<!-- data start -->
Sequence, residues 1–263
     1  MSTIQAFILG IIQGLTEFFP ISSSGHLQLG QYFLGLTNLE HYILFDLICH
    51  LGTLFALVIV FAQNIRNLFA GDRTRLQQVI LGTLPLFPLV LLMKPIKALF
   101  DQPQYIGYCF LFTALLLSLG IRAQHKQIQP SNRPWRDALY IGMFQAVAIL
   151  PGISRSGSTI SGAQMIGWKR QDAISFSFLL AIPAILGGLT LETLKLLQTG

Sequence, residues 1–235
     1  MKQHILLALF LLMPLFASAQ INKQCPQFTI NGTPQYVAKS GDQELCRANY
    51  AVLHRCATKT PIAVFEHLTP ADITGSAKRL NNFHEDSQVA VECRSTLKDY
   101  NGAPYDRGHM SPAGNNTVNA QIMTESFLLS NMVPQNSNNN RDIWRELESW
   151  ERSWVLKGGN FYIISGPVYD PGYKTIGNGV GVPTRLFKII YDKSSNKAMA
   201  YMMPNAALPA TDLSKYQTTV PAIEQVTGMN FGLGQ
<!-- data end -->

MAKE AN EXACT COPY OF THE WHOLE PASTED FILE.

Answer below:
Sequence, residues 1–263
     1  MSTIQAFILG IIQGLTEFFP ISSSGHLQLG QYFLGLTNLE HYILFDLICH
    51  LGTLFALVIV FAQNIRNLFA GDRTRLQQVI LGTLPLFPLV LLMKPIKALF
   101  DQPQYIGYCF LFTALLLSLG IRAQHKQIQP SNRPWRDALY IGMFQAVAIL
   151  PGISRSGSTI SGAQMIGWKR QDAISFSFLL AIPAILGGLT LETLKLLQTG

Sequence, residues 1–235
     1  MKQHILLALF LLMPLFASAQ INKQCPQFTI NGTPQYVAKS GDQELCRANY
    51  AVLHRCATKT PIAVFEHLTP ADITGSAKRL NNFHEDSQVA VECRSTLKDY
   101  NGAPYDRGHM SPAGNNTVNA QIMTESFLLS NMVPQNSNNN RDIWRELESW
   151  ERSWVLKGGN FYIISGPVYD PGYKTIGNGV GVPTRLFKII YDKSSNKAMA
   201  YMMPNAALPA TDLSKYQTTV PAIEQVTGMN FGLGQ